As for it being of great concern to society, I do think any gender inequality should be looked into, but I don’t see this as a huge problem. A woman and man might lead differently as conductors, but regardless the music will be produced and it will be essentially the same, but it’s truly the process that will be affected more than anything.

  12. Personally, I believe that women conductors are amazing. I do think that the stigma is that men are typically conductors, but I really don’t know why. I guess because it is typical to see conductor men, we assume that women aren’t conductors. But in the music field, I always see women as being the more prevalent gender. I think maybe it s just a matter of women not always stepping up and taking the musical credit they deserve. Bu But I think there just needs to be a couple of female conductors who come out and speak loudly about their position and how they got their in order to inspire others to follow in their footsteps. I truly think everything will work out in the end if there is simply more exposure and more people will know this was even an issue in the musical world. I think people focus on the business aspect of women and leadership but they do not consider less obvious mediums such as the art world or alternative areas. I simply think this are needs more people talking about women and leading and conducting. I think that would really help inspire people.

  13. My only experience with classical music comes from middle school, when I played the flute. Our band director was a male, and he had an assistant that was a female. Everyone in our class hated the band director and loved the female assistant. The director was seen as mean, rude, bossy, and overall too authoritative. The assistant, on the other hand, was very relationship oriented and inspired the students to enjoy the music instead of dreading coming to class because of the director. So for me, when I picture a good conductor, I picture someone who can inspire and capture the joy that music brings. While being a professional musician does require seriousness and lots of hard work, I don’t think that it is something that a woman could not lead. Stereotypically, yes, men are seen more as conductors, but in my own opinion, I don’t think a woman would fail at the job. In something as time consuming as music, I think it matters more about the dedication and passion of the leader as opposed to their gender. Hopefully the view that women cannot be conductors will change as generations pass, just as with women in every other leadership field.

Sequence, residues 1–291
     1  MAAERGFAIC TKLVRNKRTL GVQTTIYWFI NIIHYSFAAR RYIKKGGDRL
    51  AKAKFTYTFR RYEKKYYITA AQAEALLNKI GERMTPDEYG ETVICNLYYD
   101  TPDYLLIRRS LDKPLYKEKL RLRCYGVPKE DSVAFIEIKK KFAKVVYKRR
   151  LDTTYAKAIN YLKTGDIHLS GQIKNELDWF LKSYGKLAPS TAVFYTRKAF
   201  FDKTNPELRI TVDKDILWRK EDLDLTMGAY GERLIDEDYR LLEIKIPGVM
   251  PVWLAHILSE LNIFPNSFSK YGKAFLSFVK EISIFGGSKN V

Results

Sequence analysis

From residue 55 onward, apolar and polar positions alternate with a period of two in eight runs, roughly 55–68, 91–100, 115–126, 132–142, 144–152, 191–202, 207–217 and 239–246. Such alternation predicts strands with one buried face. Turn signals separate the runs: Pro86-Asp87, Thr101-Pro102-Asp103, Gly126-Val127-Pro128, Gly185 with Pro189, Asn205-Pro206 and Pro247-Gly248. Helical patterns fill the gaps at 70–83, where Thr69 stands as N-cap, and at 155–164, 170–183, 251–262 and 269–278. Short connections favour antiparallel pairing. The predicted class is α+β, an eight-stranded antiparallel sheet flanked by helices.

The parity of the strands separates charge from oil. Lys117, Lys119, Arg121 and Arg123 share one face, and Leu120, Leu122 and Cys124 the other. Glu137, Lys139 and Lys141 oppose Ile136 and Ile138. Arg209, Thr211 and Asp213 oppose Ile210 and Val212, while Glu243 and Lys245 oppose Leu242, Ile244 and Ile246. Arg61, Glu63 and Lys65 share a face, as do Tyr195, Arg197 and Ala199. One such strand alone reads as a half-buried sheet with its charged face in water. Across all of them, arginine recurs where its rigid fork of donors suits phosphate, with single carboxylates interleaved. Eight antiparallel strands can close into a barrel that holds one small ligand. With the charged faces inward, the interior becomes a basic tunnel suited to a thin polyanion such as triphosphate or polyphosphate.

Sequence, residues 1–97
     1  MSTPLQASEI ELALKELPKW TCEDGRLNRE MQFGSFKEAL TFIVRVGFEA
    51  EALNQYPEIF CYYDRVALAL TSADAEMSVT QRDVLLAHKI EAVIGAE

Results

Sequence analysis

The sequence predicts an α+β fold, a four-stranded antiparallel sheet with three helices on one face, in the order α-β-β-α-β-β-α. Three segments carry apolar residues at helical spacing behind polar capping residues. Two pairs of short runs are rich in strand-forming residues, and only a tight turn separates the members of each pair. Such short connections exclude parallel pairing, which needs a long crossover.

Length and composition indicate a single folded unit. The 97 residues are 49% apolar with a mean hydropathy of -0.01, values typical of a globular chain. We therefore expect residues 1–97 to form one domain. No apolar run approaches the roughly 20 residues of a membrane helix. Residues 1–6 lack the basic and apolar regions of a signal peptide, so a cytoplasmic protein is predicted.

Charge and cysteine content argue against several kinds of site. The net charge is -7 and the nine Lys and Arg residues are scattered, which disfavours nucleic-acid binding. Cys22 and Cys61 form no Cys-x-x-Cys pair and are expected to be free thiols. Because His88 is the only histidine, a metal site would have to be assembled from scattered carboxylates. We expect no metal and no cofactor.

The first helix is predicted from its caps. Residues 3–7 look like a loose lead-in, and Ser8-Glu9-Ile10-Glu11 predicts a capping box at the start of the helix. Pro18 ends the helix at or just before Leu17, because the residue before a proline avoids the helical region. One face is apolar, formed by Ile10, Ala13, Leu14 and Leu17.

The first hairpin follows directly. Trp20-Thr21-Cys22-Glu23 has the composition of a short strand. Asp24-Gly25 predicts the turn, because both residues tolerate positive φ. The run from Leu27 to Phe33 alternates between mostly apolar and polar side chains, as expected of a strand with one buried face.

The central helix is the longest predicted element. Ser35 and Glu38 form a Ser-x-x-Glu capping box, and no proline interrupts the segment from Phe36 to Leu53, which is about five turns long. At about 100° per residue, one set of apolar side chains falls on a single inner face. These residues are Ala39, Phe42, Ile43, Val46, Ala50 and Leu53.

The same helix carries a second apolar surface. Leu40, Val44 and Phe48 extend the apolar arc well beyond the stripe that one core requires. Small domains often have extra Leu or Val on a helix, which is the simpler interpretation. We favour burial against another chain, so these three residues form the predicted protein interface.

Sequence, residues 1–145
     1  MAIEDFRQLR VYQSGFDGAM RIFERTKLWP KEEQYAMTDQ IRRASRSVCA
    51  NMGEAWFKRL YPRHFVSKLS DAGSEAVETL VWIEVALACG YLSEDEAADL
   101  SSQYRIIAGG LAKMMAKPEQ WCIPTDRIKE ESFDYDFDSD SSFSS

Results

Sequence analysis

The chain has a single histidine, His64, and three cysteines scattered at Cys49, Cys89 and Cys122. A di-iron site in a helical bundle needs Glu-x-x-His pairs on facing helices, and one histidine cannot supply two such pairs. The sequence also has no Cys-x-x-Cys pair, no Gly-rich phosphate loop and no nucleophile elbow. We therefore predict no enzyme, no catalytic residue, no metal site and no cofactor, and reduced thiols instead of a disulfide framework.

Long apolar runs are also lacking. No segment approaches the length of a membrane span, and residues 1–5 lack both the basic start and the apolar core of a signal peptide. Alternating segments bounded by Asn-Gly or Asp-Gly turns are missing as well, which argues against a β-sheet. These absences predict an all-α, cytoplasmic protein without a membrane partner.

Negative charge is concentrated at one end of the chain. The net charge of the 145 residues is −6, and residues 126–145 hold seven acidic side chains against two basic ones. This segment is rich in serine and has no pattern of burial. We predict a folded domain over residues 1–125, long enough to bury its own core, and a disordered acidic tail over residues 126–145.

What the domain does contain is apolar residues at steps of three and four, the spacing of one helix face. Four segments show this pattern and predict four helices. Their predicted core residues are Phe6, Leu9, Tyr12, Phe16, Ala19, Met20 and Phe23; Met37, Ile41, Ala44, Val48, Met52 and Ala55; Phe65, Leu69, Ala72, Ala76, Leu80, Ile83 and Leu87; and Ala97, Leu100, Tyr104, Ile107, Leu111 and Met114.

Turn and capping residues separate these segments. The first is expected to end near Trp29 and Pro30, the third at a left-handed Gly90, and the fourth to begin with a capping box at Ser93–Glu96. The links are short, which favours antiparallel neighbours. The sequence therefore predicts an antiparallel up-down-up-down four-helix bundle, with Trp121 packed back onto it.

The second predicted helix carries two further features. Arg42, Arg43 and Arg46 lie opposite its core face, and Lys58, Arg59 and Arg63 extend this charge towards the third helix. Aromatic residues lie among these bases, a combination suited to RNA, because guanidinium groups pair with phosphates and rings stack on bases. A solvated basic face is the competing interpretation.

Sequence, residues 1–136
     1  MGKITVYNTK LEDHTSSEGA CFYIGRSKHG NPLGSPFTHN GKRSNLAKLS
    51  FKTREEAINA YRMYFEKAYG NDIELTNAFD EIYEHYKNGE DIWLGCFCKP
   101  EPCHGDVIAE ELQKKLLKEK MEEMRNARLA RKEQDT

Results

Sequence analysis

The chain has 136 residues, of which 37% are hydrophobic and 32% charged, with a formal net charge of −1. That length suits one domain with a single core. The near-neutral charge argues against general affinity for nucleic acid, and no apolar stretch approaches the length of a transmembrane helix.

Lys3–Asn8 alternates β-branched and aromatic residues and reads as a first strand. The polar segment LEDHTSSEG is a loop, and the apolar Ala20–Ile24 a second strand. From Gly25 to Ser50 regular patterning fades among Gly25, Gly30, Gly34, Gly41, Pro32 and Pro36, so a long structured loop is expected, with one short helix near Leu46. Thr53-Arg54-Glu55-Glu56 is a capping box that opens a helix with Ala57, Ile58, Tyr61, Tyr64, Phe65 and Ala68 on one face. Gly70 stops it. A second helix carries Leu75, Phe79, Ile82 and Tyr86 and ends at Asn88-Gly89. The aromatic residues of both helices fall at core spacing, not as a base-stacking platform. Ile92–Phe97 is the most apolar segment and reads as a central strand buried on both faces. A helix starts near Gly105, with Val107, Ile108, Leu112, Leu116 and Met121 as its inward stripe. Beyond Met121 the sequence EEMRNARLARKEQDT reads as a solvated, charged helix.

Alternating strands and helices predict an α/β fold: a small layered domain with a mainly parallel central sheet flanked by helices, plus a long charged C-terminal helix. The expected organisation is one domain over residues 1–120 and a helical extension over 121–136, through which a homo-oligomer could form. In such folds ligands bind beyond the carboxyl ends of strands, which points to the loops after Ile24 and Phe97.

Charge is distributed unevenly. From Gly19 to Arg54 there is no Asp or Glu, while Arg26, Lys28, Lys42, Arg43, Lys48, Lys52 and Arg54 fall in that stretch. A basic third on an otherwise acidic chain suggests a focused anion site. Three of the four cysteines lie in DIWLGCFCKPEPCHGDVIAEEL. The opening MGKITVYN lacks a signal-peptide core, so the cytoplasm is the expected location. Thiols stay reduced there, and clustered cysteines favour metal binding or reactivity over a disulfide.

14. Being president of an organization which deals directly with the music department gives me some experience in this area. The balance of female to male students in the music department is rather evenly split. However, if you look more closely, you’ll find that those on the track to become music educators are predominantly female, and those who are on the track to become performers and composers are predominantly male. There is still this divide between men and women, where women are seen as teachers and men are seen as “doers”. At CNU currently, there is one girl who is registered as a Music Composition major, meaning that she will write and compose music. ONE. Out of hundreds of female music majors, only one is majoring in composition. That’s crazy.
    In Missrepresentation, the founder of the White House Project, Marie Wilson, said, “You can’t be what you can’t see.” I think that quote is extremely applicable to young girls who aspire to write music and conduct symphonies. Female representation is extremely important because it shows others that they can achieve whatever they wish. For young women to see other women up on the podium, wielding their baton is encouragement for them to do the same.
    We should be inspiring other women through our own actions and promoting girls to take up lofty pursuits in hope that they might one day achieve their dreams.